| Columns |

Rep. Erik Fresen, Pro-Gambling Lawmaker, Owes Thousands To The IRS

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Over the past six months, state Rep.

Erik Fresen has established himself as the go-to-politician for the

gambling industry tycoons who want to bring gargantuan casino resorts

to the Magic City. The lawmaker from Coral Gables is the

mastermind behind one of two proposed bills that would allow

Malaysian-based Genting or one of its Las Vegas competitors to build

gambling castles in downtown Miami or the Miami Beach Convention

Center. Under his proposal, casinos would only share a measly ten

percent of gambling revenues with the state.

Then again, considering Fresen's own

troubles with paying the IRS, maybe it's no shock that he's not

putting taxpayers first.

According to Miami-Dade court records,

Fresen owes close to thirty grand in taxes to the Internal Revenue

Service and $641,000 to his mortgage lender. For a guy who claims a

personal net worth of $330,000, that is a lot a debt. Even worse, he

didn't list the obligations on his most recent personal financial

disclosure statements.

Fresen didn't return multiple messages

Riptide left at his offices in Miami and in Tallahassee.

Under Florida law, it is illegal for

public officials to omit liabilities on the declaration form.

Recently, the Miami-Dade Ethics Commission fined ex-North Bay Village

Mayor Corina

Esquijarosa because she submitted a disclosure statement that did

not list a judgement against her, as well as income she derived from

a rental property.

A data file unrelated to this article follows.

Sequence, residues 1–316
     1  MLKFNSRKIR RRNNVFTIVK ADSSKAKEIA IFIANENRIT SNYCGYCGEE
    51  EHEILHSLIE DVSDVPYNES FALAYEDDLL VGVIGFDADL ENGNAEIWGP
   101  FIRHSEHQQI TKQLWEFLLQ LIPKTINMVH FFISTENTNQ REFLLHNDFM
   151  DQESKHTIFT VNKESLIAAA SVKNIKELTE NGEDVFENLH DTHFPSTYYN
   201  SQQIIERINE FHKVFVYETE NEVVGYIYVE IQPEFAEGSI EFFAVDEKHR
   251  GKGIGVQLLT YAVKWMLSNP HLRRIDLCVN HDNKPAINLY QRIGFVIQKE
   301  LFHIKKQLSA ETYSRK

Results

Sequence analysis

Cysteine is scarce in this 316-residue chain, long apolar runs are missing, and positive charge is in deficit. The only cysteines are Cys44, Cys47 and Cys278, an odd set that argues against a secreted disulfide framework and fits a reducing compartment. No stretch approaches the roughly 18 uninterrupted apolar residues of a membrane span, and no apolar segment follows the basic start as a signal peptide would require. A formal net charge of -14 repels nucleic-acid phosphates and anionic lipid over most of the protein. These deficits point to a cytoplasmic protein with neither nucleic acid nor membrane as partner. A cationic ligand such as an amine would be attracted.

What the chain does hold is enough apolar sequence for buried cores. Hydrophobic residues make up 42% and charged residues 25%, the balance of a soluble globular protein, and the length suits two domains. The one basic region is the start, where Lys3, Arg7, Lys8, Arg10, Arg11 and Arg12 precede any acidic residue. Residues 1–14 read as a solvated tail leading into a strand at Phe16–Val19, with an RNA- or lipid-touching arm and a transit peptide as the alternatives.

On Fresen's 2010

disclosure sheet, he lists just $113,000 in Sallie Mae student

loans as his only liability. Yet, the

IRS recently filed a lien against Fresen, claiming he did not pay

$7,274 in income taxes he owed in 2004, as well as $21,925 owed for


That's not all. In 2009, La

Salle Bank won a $641,000 final judgement for foreclosure on

Fresen's Coral Gables residence. A year later, the judgment was

overturned and the bank had to file new foreclosure proceedings

against Fresen. Since the debts occurred before 2010, Fresen was

required to list then all on the liabilities section.

It is not the first time the state

representative, a "land use consultant" who was first

elected in 2008, has been accused of breaking the rules.

Last year he paid $10,000 in fines for

submitting incomplete and late campaign reports between 2008 and

2009. This past April, a Tallahassee mom filed a state ethics

commission complaint against Fresen. Trish Thompson alleges Fresen

helped slip language into a charter school bill that would benefit a

charter school company called Academica that employs his sister and

brother-in-law. The complaint was recently dismissed.

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